As a landlord, I preferred my tenants to be month to month in case I decided I wanted to move back into my house. If you don't think there is a risk of that, or the place going condo or whatever, it gives you more flexibility.

IANAL but I have read the California code on landlord tenant relations and I recommend you read it as well. It's got all sorts of gems you may find useful.
posted by jeffamaphone at 11:14 PM on March 10


This is standard in Vancouver, BC, too, in case someone from outside CA looks this up later.
posted by Chaussette and the Pussy Cats at 11:30 PM on March 10


Also fairly standard in Seattle.
posted by foxfirefey at 11:44 PM on March 10 [1 favorite]


Standard here in Washington, DC, too.
posted by schroedingersgirl at 4:57 AM on March 11


Since we're going international: standard in Paris, France, though the details on timing to cancel the lease are a bit different. Tenant laws strongly favor the renter here.
posted by whatzit at 5:02 AM on March 11


This is also pretty standard in St. Louis. I've been month-to-month in my current apartment for...almost seven years. My rent is the same, and they still fix everything that needs fixing.
posted by limeonaire at 6:56 AM on March 11


It's depended on where I lived and what company was managing the property, but fixed lease---> month-to-month has been quite common in San Diego in my experience as well.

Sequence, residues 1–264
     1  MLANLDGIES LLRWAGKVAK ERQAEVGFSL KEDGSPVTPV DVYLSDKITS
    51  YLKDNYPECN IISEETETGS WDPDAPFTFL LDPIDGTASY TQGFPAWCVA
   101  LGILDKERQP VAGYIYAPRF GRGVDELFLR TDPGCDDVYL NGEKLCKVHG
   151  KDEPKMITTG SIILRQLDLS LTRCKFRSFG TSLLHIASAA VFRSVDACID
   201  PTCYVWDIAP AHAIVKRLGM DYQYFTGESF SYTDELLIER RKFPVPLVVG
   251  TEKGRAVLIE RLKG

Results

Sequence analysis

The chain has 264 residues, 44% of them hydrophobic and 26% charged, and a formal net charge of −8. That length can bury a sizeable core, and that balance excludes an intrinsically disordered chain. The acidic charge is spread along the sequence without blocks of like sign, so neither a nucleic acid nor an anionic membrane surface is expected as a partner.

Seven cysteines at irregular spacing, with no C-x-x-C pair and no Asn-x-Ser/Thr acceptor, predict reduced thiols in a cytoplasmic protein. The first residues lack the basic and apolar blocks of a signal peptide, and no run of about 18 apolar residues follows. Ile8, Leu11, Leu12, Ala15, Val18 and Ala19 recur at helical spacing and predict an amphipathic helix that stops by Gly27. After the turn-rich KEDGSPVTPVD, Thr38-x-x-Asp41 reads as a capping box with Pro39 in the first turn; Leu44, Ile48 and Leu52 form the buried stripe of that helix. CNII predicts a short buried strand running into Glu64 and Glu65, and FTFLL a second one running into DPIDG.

posted by LionIndex at 7:24 AM on March 11


Same in Ontario. If the renter stays on, it is assumed that all the conditions of the original lease continue as before. Sixty days notice to move out is standard.
posted by ThatCanadianGirl at 7:57 AM on March 11


Standard all over Australia as far as I know.
posted by flabdablet at 8:07 AM on March 11


there's a limit to the maximum allowable yearly rent increase in LA,

This is not entirely true, btw. City of L.A. rent control applies only to buildings from 1978 and earlier.
posted by drjimmy11 at 9:53 AM on March 11 [3 favorites]


And rent control doesn't apply to pre-1978 office buildings adapted to residential use, as folks are discovering in Downtown Los Angeles when their leases end.
posted by Scram at 10:04 AM on March 11 [1 favorite]


I think the place it isn't standard is NYC (correct me if I'm wrong).
posted by Rash at 10:24 AM on March 11


As mentioned, the relevant part is whether or not you're in a pre-78 building. If so, you really don't even need a lease. It would take a lot for the landlord to get rid of you and there is a limit to how much they can raise your rent.
posted by mandymanwasregistered at 10:36 AM on March 11


If you have general questions about CA landlord-tenant law, this guide [pdf] from the CA department of consumer affairs is great - easy to understand and has a ton of info.
posted by insectosaurus at 11:30 AM on March 11


Standard in Sacramento and all over the Bay Area.
posted by cnc at 1:20 PM on March 11


This is the usual in British Columbia as well. Nothing unusual from what I can tell.
posted by area.man at 7:55 PM on March 11


« Older What is the difference between...   |  I want to paint this. For vari... Newer »

You are not logged in, either login or create an account to post comments